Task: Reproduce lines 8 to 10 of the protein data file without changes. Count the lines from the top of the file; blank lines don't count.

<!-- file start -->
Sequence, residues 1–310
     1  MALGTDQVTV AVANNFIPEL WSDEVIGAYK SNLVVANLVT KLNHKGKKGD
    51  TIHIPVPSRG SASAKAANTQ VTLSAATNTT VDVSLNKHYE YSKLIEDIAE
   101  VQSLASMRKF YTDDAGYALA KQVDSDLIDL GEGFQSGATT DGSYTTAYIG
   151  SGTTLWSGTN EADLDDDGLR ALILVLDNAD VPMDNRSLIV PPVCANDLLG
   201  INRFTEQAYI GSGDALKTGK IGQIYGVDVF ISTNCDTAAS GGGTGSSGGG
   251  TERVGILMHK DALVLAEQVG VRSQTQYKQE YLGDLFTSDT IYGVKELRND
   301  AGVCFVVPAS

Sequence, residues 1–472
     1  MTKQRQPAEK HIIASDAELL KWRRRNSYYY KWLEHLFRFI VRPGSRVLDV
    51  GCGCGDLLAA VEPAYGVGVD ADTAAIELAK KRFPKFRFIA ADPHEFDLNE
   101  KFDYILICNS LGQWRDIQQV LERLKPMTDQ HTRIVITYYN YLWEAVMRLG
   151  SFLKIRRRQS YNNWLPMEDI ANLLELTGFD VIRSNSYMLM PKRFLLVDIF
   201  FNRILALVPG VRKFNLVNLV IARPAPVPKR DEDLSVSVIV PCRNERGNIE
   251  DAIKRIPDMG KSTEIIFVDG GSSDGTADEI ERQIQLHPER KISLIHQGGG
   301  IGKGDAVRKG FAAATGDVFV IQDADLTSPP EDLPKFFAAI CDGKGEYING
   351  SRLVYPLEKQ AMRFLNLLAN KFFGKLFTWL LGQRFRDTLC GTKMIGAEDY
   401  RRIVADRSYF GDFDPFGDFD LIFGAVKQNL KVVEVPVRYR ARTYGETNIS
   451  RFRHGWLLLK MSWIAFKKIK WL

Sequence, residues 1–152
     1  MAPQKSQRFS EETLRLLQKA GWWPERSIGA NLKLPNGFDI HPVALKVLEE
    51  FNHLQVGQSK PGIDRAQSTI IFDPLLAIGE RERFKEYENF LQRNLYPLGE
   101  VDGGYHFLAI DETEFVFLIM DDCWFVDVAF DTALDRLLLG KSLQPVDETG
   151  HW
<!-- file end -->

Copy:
   301  AGVCFVVPAS

Sequence, residues 1–472
     1  MTKQRQPAEK HIIASDAELL KWRRRNSYYY KWLEHLFRFI VRPGSRVLDV